However, when it comes to complex interactions and larger spending decisions, I still prefer my local branch. What’s more, I have repeatedly gone back to the same bank as we have added new investments, even when they didn’t offer the best rate. Why? Because I value their expert advice, their understanding of my history, and, most importantly, their ability to see the whole picture — rather than just an isolated transaction.
Bank Customers Want It All
In this sense, I am not alone. The digitalization of banking has transformed customer expectations and behavior. Advances in technology have allowed customers like me to manage our own accounts remotely, from any place at any time. Yet for the more complex transactions, we still prefer personal interactions at our local branches.
An annual survey of 1,000 U.S. adults for American Bankers Association (ABA) by Ipsos Public Affairs, in August, 2014 found that consumers are embracing mobile banking in ever-increasing numbers. However, in-person branch visits are still popular with many customers. Preference for branch banking had increased year over year from 2013, from 18 percent to 21 percent, and 89 percent of customers who come to the branch required advice for complex financial products.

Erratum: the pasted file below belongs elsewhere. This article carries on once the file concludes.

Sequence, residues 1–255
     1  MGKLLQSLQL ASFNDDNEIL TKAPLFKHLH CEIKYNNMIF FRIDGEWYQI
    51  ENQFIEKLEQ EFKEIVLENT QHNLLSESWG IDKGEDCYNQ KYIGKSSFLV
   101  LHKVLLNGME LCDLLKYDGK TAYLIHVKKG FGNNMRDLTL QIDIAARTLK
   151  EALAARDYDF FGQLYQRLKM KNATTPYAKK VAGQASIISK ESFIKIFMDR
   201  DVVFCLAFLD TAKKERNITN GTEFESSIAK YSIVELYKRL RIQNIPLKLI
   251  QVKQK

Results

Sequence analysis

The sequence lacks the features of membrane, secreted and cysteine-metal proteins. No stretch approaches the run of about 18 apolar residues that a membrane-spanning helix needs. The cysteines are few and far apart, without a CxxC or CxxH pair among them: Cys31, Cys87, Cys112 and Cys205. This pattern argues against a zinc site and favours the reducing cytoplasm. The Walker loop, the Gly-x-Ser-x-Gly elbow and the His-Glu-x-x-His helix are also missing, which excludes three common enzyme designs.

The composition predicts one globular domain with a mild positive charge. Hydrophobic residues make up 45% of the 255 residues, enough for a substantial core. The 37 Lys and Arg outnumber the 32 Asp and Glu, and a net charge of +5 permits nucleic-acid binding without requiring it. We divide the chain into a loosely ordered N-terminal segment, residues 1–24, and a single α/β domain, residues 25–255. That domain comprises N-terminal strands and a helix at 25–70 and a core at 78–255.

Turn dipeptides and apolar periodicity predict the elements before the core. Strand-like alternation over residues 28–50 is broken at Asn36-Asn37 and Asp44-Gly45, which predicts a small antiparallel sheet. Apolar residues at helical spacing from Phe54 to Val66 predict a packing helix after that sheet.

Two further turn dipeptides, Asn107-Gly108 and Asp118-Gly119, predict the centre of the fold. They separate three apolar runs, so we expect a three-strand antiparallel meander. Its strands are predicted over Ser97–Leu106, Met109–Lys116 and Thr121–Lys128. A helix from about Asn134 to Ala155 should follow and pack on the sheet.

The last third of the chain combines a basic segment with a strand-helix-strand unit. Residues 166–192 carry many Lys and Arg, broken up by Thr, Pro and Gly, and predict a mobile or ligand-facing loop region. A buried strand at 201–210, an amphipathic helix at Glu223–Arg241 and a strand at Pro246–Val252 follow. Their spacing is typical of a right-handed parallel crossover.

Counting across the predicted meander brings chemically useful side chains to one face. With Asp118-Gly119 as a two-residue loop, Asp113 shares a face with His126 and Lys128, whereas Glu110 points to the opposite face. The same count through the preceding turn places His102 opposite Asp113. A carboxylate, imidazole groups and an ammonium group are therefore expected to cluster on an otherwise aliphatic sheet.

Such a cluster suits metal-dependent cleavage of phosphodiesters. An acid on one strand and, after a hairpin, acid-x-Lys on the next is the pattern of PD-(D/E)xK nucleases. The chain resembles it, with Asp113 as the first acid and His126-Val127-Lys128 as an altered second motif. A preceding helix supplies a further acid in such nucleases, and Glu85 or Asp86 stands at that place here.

Today’s customers expect the best of both worlds: the convenience and easy access to online banking, along with the expert advice and personal guidance from their local branch. In short, they expect a blending of the physical and virtual, a value proposition that online-only banks cannot match. Read More »